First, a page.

The big problem is figuring out what songs they’re going to play. Both Townshend and Daltrey agree that a decent portion of the night will be devoted to material from Tommy and Quadrophenia, though Daltrey wants to fill out the rest of the set with their greatest hits and Townshend is hoping they could break out a handful of obscurities like ‘Time is Passing’ and ‘Too Much of Anything’ that he feels would work well with symphonies. But Daltrey traditionally makes the setlist himself and is unsure about challenging the audience like that. “You can’t please everybody,” he says. “Some hardcore fans might bitch and moan, but 99.99 percent of the audience wants to hear the hits. I don’t want people scratching their balls and going, ‘I want to hear ‘Baba O’Riley.’”
“It is always a mistake to ever say ‘farewell,’ but this will possibly be my last tour” – Roger Daltrey
The two longtime bandmates also hit a bit of a snag over the new material, which Townshend describes as a mixture of “dark ballads, heavy rock stuff, experimental electronica, sampled stuff and cliched Who-ish tunes that began with a guitar that goes yanga-dang.” When he finished them late last year, he sent them off to everyone in his orbit and received an amazing response from everyone besides the man tasked with singing them. “Just silence from Roger,” says Townshend. “I had to bully him to respond and then it wasn’t the response I wanted. He just blathered for a while and in the end I really stamped my foot and said, ‘Roger, I don’t care if you really like this stuff. You have to sing it. You’ll like it in 10 years time.’”
Daltrey doesn’t deny taking a while to give his feedback about the new songs, but he explains that the book tour behind his new memoir Thanks a lot Mr Kibblewhite: My Story occupied all his time during that period. He also perforated an eardrum in December that caused him enormous pain and made listening to music of any sort very difficult. “They’re all great songs,” he says. “ But sometimes I hear them and I think, ‘I can’t add anything to this to make my job as singer worthy of doing anything better than what Pete has already done.’ There’s at least five or six I can lay into and I’m sure they’ll come out incredible. Now that I’m healed up, I’m going to spend time getting into them. Okay, so I didn’t get back to him quickly at first. It doesn’t mean anything! I was deaf for about three weeks. It wasn’t even possible for me to bloody hear what was in them!”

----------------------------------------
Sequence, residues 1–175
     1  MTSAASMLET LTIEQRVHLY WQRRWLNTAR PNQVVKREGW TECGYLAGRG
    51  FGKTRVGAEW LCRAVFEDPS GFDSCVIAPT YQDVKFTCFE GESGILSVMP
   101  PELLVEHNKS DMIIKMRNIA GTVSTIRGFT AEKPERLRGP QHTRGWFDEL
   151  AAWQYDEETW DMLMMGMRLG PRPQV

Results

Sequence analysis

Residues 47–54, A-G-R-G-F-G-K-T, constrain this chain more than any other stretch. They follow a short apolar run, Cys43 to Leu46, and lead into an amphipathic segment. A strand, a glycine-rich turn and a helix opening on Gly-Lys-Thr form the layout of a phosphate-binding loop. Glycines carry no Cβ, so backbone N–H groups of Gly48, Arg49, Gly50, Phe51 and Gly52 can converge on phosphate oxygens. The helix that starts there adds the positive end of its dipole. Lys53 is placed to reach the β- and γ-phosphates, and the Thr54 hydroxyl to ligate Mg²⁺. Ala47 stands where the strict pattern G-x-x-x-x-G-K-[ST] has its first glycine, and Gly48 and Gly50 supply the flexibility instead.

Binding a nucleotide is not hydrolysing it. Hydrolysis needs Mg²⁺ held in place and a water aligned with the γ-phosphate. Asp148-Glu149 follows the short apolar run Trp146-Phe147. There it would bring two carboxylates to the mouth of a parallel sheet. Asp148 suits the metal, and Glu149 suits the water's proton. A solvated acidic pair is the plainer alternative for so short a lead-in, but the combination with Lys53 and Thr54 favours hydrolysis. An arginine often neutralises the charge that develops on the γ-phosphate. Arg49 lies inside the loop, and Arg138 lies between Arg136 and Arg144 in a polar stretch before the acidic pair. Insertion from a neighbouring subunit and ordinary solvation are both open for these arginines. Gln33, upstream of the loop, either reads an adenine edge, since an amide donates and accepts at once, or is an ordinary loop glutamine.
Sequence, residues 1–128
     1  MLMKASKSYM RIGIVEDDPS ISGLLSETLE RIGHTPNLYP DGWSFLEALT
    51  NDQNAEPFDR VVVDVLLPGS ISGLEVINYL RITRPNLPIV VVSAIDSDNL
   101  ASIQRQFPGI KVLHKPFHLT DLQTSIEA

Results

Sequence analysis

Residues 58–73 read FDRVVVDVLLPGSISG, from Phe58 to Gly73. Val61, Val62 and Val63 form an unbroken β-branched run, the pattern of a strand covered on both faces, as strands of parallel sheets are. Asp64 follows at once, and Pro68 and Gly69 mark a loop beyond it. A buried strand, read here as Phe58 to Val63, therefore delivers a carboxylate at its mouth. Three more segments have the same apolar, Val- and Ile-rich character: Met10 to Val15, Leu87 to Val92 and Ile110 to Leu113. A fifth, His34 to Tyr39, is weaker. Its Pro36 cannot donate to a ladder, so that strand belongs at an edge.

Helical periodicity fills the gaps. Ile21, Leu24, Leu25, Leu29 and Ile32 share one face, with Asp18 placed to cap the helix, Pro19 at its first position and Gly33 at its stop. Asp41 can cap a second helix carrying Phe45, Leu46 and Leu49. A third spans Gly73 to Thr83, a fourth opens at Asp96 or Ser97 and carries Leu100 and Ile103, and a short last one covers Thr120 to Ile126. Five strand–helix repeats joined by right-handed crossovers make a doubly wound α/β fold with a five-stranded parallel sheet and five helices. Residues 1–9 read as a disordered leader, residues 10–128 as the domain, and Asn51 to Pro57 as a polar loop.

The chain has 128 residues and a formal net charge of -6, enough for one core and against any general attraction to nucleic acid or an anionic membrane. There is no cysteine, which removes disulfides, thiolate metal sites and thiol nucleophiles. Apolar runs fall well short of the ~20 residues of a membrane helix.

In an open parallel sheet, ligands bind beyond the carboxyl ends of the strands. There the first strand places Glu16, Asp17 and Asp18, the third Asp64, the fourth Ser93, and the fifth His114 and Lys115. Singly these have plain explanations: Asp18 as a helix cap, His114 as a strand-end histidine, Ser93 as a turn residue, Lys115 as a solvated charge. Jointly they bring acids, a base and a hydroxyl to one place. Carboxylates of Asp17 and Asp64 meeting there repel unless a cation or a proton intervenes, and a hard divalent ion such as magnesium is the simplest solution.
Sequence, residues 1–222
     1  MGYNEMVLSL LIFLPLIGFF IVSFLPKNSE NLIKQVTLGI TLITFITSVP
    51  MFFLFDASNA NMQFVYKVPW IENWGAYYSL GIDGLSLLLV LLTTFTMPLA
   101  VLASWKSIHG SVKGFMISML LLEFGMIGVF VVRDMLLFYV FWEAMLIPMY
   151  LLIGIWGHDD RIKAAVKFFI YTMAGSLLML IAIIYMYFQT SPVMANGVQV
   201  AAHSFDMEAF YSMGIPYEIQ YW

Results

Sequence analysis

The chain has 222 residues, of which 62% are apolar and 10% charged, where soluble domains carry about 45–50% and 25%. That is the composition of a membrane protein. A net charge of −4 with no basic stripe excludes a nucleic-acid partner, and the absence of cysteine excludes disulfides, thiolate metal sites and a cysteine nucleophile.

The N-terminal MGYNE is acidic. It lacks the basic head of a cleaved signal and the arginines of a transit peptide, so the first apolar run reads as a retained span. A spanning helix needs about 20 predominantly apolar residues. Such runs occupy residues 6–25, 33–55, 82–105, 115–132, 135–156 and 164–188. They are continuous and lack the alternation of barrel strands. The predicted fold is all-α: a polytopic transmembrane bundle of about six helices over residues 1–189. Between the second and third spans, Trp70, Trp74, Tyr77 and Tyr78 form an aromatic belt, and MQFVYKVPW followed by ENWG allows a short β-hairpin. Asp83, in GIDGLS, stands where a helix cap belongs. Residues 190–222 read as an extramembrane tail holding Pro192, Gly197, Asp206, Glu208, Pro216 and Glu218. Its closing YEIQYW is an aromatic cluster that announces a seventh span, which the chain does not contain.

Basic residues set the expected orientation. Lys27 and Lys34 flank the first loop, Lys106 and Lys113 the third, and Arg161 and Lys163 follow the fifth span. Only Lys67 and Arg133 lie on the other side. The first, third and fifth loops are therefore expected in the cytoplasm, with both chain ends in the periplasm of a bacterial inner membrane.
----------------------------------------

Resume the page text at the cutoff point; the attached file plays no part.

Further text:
“Is the chemistry between us still there? I hope there is” – Roger Daltrey on Pete Townshend
“One of the great difficulties here isn’t that Roger and I don’t get on,” says Townshend. “It’s that we don’t communicate. Over the years we haven’t really developed a dialogue. I don’t think that the fault is on my side. He feels a bit intimidated, perhaps, because I overcomplicate things, but we think very, very differently. We do talk on the phone. That’s the most significant way we communicate, though we don’t decide much on the phone. He doesn’t text and he’s just now starting to use e-mail, but he isn’t very good at it.”
Daltrey lets out a deep sigh when this topic comes up. “No, we don’t communicate well,” he says. “But I’ve gotten quite insular, I suppose. I don’t know why that is, but I accept it. Is the chemistry between us still there? I hope there is. It’s been a year since we worked. We’ll see soon enough.”
The one thing they do agree on is that their label’s request that they capitalize on their status as the ultimate “dad rock” band by finishing the album in time for Father’s Day in June is simply asinine. And with tour rehearsals beginning in just two months, it would be nearly impossible. “If they can’t get it by Father’s Day, they don’t care when they’re getting it,” says Townshend with a laugh. “And so it might wind up being September or October.” Daltrey sees less humor in all this. “If it takes us until next fuckin’ Father’s Day, so be it,” he says. “I loathe that part of the business. I just hate it. That’s why they’re working in an office and we’re on the stage.”